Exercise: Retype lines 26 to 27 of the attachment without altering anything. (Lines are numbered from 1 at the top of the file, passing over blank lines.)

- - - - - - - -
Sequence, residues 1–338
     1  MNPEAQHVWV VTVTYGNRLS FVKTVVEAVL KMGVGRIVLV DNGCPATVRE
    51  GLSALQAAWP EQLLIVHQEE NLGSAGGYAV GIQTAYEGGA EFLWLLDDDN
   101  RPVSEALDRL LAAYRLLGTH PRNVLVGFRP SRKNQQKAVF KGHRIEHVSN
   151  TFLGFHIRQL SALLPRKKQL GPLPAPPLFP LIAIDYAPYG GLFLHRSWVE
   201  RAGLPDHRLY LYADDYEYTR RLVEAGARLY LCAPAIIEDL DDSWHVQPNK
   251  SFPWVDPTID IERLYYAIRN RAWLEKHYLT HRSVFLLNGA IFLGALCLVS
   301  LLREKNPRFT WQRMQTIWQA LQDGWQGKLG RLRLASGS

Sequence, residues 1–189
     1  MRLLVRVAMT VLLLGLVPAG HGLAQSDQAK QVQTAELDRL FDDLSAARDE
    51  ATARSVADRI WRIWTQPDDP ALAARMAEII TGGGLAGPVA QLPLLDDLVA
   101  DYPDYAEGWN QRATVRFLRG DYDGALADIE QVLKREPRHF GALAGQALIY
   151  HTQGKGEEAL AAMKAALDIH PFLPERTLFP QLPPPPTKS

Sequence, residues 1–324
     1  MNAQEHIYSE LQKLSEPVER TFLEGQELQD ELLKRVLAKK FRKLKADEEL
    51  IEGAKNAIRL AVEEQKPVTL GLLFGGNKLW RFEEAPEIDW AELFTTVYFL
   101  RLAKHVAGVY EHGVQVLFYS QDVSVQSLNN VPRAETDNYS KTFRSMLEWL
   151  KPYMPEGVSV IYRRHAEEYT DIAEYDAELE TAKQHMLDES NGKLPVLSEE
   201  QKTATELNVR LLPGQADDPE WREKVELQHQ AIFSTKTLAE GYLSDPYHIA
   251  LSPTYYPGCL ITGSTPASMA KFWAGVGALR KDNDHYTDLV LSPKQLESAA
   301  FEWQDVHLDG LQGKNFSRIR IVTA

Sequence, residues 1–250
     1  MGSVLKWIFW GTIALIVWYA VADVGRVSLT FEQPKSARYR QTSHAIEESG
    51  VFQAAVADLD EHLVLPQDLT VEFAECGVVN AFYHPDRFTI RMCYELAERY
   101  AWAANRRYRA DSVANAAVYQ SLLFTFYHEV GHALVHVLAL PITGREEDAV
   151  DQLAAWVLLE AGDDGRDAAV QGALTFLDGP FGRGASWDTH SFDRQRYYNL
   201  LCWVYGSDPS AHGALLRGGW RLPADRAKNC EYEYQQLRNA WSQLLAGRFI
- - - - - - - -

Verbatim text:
   151  DQLAAWVLLE AGDDGRDAAV QGALTFLDGP FGRGASWDTH SFDRQRYYNL
   201  LCWVYGSDPS AHGALLRGGW RLPADRAKNC EYEYQQLRNA WSQLLAGRFI